A reboot in recruiting women into computer science

By Associated Engineering Press

Cassidy Lamm, who grew up loving Disney movies like The Lion King, hopes to help create the next generation of animated films. When she checked into the credentials of current special-effects artists at Disney, she learned that many had majored in computer science. Now in her sophomore year at the University of Alabama at Tuscaloosa, Ms. Lamm is among an increasingly rare breed—women majoring in computer science. Nationwide, women earned only 18 percent of the bachelor’s degrees awarded in computer science in 2010, according to the National Science Foundation. That’s less than half the proportion in 1985, when 37 percent of those degrees went to women … Jeff Gray, an associate professor of computer science at Alabama, says about half the kids at his weeklong summer camps for middle-school students are girls. But in his summer camps for high-school students, only 15 to 20 percent are girls. “Something weird is happening early in high school,” he says. “Stereotypes are being formed about gender roles and career goals.”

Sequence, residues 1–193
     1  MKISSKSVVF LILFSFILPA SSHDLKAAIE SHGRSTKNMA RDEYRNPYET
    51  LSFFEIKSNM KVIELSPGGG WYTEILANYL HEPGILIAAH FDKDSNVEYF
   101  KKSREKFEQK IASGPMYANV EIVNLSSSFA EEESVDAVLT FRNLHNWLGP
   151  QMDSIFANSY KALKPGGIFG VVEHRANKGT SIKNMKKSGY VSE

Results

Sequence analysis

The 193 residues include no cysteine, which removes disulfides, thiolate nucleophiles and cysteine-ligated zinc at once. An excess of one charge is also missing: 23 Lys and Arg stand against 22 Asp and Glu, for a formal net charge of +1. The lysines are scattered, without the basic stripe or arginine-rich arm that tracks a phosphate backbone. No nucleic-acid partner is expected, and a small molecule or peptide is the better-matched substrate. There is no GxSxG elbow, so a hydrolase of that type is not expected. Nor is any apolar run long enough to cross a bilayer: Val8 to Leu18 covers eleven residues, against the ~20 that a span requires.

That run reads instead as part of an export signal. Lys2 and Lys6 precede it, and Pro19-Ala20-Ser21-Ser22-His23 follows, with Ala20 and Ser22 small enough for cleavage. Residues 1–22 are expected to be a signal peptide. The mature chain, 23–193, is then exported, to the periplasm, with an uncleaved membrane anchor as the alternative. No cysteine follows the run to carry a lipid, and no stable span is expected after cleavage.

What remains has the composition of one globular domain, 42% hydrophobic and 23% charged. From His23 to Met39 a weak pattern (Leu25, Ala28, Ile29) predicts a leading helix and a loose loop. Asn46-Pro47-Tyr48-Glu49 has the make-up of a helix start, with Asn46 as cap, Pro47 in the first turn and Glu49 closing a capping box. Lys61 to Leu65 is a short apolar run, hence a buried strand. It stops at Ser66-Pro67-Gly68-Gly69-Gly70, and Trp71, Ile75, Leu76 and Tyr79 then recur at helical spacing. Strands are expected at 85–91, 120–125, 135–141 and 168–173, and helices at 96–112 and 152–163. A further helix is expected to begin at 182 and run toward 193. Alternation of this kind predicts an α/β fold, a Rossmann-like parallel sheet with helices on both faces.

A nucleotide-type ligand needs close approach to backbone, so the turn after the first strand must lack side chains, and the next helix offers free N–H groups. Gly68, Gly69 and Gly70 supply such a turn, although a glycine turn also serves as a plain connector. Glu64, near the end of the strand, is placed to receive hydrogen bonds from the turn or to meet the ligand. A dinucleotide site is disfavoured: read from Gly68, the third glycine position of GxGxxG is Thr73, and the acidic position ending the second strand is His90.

In 1837, The University of Alabama became one of the first five universities in the nation to offer engineering classes. Today, UA’s College of Engineering has more than 5,800 students and more than 150 faculty. In recent years, students in the College have been named USA Today All-USA College Academic Team members, Goldwater, Hollings, Portz, Boren, Mitchell and Truman scholars.

Author: Associated Engineering Press    /    Posted on: October 29, 2012    /    Posted in:   Computer Science, Faculty and Staff, In The News, Students    /    Features: